progress on the digital-whiteboard-text-markup thing

After quickly (and I mean QUICKLY – it took less than half an hour’s worth of fiddling around with code while sitting on the couch watching garbage TV) building a way for people to markup chunks of text using the -powered digital whiteboards, I wanted to test it in action. It’s one thing to try it on my laptop or iPad, but digital ink is a different experience on a 50″ display. The classrooms have been so busy this semester, I didn’t get a chance to try it until this morning.

The good news: It works really, really well.

Marking up some of Bill’s stuff, on love and loss and beginnings and ends…

The drawing tools work perfectly. But as I was testing this, I realized – using the pen tool to write (as one does with a whiteboard) kind of sucks. It’s laggy, which makes it hard to write legibly. You have to write really slowly and carefully, and even then the smoothing kind of messes things up.

I had a theory that the lag was part of the system design of the collaboration carts – the display is hooked up via USB to a USB-ethernet converter, then pushed over the network to the server room where it’s converted from ethernet back to USB and then into the appliance PC to do stuff, then out via HDMI and converted to ethernet to be pushed back downstairs where it’s converted from ethernet back to HDMI to be displayed. Whew. Lots of points where things could be slowing down.

Rough sketch of the hardware that runs the Collaboration Carts™

I timed it, using the super-high-tech method of “point my fancy phone’s slow motion video camera at the screen to record 240fps of me drawing, and count the number of frames between a touch and when the ink shows up.” On the 50″ displays, it’s 33 frames. Which converts to 138ms lag between input and draw. Research suggests ~40ms would be optimal, so we’re looking at over a 3x factor. Not ideal.

So I wanted to test a “best case” scenario – running TIDraw on my iPad Pro, using the Pencil for input. This is supposed to be essentially “best in class” input, so I wanted to time how long it takes to respond to input there as well. It was 28-31 frames. 112-129ms. So, close enough to the larger 50″ display lag that it suggests the lag may not be in the hardware design after all. TIDraw could just be laggy enough that it becomes uncomfortable on larger displays (the lag wasn’t really noticeable on the iPad – it felt instantaneous – but on the larger display, you write larger, with broader strokes, moving the pen more quickly. So a 138ms lag means the ink could be several cm behind the pen, which causes all kinds of dissonance.

Next up – I’ll be tearing TIDraw apart a bit, to see if I can remove the smoothing. I think that’s what’s causing some delay there – it buffers points until it has enough to smooth, then starts drawing. Works great on smaller screens, but on larger screens… yikes. We saw a similar lag with Limnu, and I’d just chalked that up to the hardware design. Looks like there may be a flaw with the way these tools do smoothing?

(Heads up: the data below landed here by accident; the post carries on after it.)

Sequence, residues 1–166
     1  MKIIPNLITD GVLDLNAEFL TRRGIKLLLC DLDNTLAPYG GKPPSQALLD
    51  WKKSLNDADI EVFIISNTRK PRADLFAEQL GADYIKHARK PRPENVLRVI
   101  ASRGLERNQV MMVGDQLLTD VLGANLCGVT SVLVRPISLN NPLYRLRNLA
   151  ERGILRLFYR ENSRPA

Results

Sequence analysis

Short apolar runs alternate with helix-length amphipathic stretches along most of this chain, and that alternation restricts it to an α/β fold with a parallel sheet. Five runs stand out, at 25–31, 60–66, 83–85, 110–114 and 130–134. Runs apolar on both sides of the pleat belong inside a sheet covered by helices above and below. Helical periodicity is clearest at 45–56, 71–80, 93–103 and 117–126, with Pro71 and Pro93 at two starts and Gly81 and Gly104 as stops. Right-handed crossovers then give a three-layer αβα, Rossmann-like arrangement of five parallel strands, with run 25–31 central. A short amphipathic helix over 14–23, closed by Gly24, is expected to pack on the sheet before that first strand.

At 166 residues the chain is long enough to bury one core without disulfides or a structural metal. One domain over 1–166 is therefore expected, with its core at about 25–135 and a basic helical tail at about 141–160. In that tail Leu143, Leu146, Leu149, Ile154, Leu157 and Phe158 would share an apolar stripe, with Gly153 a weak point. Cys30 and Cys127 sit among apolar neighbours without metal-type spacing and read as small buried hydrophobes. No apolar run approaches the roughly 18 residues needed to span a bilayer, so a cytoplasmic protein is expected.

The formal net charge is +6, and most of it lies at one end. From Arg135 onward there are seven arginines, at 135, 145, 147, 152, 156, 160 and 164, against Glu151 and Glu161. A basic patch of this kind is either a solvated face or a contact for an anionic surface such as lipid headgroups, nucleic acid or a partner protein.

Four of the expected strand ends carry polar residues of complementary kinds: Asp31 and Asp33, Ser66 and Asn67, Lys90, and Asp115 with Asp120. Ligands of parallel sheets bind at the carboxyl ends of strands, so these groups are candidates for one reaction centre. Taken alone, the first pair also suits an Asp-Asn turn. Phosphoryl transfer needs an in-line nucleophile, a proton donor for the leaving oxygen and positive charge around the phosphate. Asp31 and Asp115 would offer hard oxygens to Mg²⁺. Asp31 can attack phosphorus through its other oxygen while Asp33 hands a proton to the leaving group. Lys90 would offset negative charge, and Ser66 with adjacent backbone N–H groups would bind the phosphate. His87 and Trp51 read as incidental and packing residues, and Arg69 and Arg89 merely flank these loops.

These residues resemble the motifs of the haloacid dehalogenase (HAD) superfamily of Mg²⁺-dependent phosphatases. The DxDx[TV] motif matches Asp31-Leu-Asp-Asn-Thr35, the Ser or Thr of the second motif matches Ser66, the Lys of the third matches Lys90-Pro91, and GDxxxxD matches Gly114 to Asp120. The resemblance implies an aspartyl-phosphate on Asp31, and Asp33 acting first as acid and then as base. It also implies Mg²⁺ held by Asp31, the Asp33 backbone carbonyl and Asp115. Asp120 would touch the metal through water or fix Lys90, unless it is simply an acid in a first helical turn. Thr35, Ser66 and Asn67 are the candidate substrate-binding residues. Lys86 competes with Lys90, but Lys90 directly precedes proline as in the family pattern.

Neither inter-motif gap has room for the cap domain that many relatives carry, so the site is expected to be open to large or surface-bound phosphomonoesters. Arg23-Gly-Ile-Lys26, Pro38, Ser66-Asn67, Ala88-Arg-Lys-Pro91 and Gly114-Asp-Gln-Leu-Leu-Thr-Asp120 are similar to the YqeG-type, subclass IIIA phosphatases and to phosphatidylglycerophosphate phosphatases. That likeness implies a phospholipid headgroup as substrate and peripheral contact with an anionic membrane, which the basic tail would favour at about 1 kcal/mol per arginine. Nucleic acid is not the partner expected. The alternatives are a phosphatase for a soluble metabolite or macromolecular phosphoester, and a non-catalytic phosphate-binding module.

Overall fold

Text annotation via digital whiteboards

We hosted a “TI Instructors Gathering” this morning, where we invite folks who are teaching in the Taylor Institute to come together to share their experiences and we can learn from them about how they use the spaces and technologies. This gathering was predominantly Languages profs – french/spanish/russian/french – and we got to talking about how they’d like to be able to have their students break into groups and use the “Collaboration Carts” to mark up passages of text. That’s not a thing that’s readily done – there are web-based text annotation tools, but not ones that are based on ink. Having students sketch on text is a useful activity, pedagogically, and so I got to thinking…

And a couple of hours of work later, I’ve gotten that feature working in (which is what powers the digital whiteboards in the Taylor Institute).

Digital whiteboard markup of a bit of Shakespeare…

TIDraw works with images, so text needs to be converted before loading it for markup. There’s a utility for that (in the “Texts” button in the top menubar), and converted texts are available in a Gallery – using the same code as the Save and Template features.

This could be useful for visually marking up short passages – it won’t handle pagination, so longer passages won’t work. But – it’d be handy for marking up stanzas or short passages.

I’ll also work on a feature that will let people upload images – imagine being able to use the whiteboard tools to markup a painting, or an electron microscope image, or an x-ray image, etc…

Design thinking, with giant lobsters

Robert Kelly has been hosting his Design Thinking course in the TI for the past several years.

I was away over the summer, so missed the latest instance of the course. Giant lobsters! Thankfully, they documented the course and published a video of the shenanigans.

Giant lobsters invade the TI. And other interesting things.

It’s a bit of a challenge when the course is going on, because it’s so profoundly unconventional. Classroom? Classrooms? Nah. Buildings! But – it’s been amazing to see what the participants do, how they work together, and what they build.